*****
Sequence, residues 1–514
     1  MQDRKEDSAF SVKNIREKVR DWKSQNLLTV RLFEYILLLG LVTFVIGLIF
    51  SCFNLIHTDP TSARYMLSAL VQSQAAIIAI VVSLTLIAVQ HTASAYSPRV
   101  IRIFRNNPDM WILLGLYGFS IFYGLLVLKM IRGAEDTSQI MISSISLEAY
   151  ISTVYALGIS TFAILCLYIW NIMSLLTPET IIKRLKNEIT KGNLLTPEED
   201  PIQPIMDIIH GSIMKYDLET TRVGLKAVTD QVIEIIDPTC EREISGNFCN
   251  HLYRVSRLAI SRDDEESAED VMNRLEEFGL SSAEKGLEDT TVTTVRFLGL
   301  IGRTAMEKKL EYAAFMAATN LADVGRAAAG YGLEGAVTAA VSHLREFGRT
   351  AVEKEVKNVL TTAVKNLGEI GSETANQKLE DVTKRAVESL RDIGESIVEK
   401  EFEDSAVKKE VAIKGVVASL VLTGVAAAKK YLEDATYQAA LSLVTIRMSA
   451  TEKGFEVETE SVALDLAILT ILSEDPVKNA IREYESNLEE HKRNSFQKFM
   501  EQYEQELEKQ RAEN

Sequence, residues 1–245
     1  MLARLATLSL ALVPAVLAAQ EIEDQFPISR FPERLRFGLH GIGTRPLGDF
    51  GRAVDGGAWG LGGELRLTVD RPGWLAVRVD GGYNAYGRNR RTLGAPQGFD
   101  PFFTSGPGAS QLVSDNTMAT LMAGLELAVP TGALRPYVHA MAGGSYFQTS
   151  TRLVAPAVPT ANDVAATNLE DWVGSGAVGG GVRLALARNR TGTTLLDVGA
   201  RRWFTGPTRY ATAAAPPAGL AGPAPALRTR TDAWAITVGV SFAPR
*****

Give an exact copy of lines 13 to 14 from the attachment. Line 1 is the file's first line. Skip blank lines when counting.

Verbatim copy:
Sequence, residues 1–245
     1  MLARLATLSL ALVPAVLAAQ EIEDQFPISR FPERLRFGLH GIGTRPLGDF